Personality Disorders

Original article by Khadija Janoowala | Last updated on 28/5/2014
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Introduction

Defined by ICD-10 and DSM – IV- TR as;

  • Lifelong, persistent, deeply ingrained maladaptive behaviour that:
  • characterizes an individual
  • deviates markedly from culturally expected or accepted ‘normal’ range
  • Onset in late childhood or early adolescence
 
Deviation has to manifest in more than one of the following areas:
  1. Cognition 
  2. Affectivity
  3. Occupational and social performance
  4. Impulse control and need gratification
  5. Interpersonal function
 
Not explained by;
  • Other adult mental disorder
  • Organic disease, injury or dysfunction
 

 

Classification and characteristics

Cluster A

Paranoid – ‘delusional’
Schizoid – ‘socially withdrawn’
Schizotypal – ‘distorted reality’
  1. very sensitive/ easily offended
  2. suspicious
  3. distrusts loyalty
  4. holds grudges
  5. combative sense of personal rights
  6. self referential attitude
  7. unsubstantiated conspiratorial explanations
  1. No pleasure from any activities
  2. emotional coldness or flattened affectivity
  3. limited capacity to express
  4. indifferent to praise or criticism
  5. little interest in sexual experiences
  6. solitary
  7. fantasize and introspective
  1. social and interpersonal deficits
  2. magical thinking
  3. unusual perceptions
  4. vague
  5. circumstantial
  6. suspiciousness
  7. inappropriate affect
  8. excess social anxiety
 

 

 

Cluster B

 

 

Cluster C

Antisocial / Avoidant
  1. tense and apprehensive
  2. inferiority complex
  3. preoccupied with sense of rejection and criticism
  4. unwillingness to get involved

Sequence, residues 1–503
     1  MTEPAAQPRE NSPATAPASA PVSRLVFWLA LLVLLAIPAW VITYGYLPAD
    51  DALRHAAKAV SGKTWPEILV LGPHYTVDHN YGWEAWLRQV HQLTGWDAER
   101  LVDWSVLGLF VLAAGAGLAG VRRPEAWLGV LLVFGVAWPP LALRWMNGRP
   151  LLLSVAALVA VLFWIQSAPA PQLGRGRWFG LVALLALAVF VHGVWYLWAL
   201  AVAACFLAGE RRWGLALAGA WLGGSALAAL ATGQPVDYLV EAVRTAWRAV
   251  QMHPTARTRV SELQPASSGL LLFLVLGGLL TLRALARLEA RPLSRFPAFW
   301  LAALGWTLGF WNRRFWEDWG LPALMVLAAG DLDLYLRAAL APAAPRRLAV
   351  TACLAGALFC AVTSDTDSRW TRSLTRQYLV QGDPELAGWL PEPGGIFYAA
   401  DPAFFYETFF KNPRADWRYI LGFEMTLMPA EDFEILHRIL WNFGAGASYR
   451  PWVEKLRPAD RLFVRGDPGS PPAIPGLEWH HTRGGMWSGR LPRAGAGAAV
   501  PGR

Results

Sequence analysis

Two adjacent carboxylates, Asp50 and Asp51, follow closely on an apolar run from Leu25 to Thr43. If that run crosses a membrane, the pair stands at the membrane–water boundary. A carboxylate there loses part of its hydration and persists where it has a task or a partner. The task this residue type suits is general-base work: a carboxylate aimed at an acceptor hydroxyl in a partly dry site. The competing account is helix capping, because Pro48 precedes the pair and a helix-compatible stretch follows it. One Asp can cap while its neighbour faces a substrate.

5. need of security
  6. avoidance of social or occupational activities
 
Dependent / Asthenic
  1. allowing others to important life decisions
  2. subordination
  3. unwillingness to make any demands
  4. uncomfortable or helpless alone
  5. fear of inability to care for oneself
  6. preoccupied with fears of being left to take care of oneself
  7. excessive need for advice and reassurance to make everyday decisions
 

Treatments

Schizoid
Psychodynamic and/or group therapy
Paranoid
Not likely to seek therapy
Dissocial
Highly unresponsive to any form of treatment
Disciplined environment may improve behaviour
Emotionally unstable
Chronic treatment seekers
CBT/ DBT (self-harm & suicide)/ group therapy
Histrionic            
Psychodynamic/ CBT/ Group therapy
Borderline
DBT
Anankastic (Obsessional)
Psychotherapy: insight-oriented psychodynamic techniques & CBT
Anxious [avoidant]
 
Psychodynamic / CBT / group therapy, social skills training
Dependent
 
Psychodynamic and/or CBT and/or group therapy/ assertiveness training
 

Drugs

Most effective if individually tailored and symptom focused
  1. Antipsychotics – cognitive symptoms, impulsivity and intense angry affect
  2. Monoamine Oxidase Inhibitors – borderline PD to alleviate abnormal mood
  3. Carbamazepine and lithium – episodic behavioural dyscontrol and aggression
 
Drug treatment and psychotherapy not mutually exclusive and combination may be summative.
 

Prognosis

Cluster A: no change
Cluster B: varied, some may improve slowly
Cluster C: better outcome
Paranoid
  • Long-term prognosis usually not encouraging
Schizoid              
  • Relapse highly likely at end of treatment
 
Dissocial
  • Unremitting course
  • Early death -accident, homicide or suicide
Emotionally unstable
  • 75–80% attempt or threaten suicide
  • 8– 10% success
Histrionic
  • Symptoms can last lifetime
Anxious (avoidant)
  • Lower-functioning persons more likely to drop out of treatment.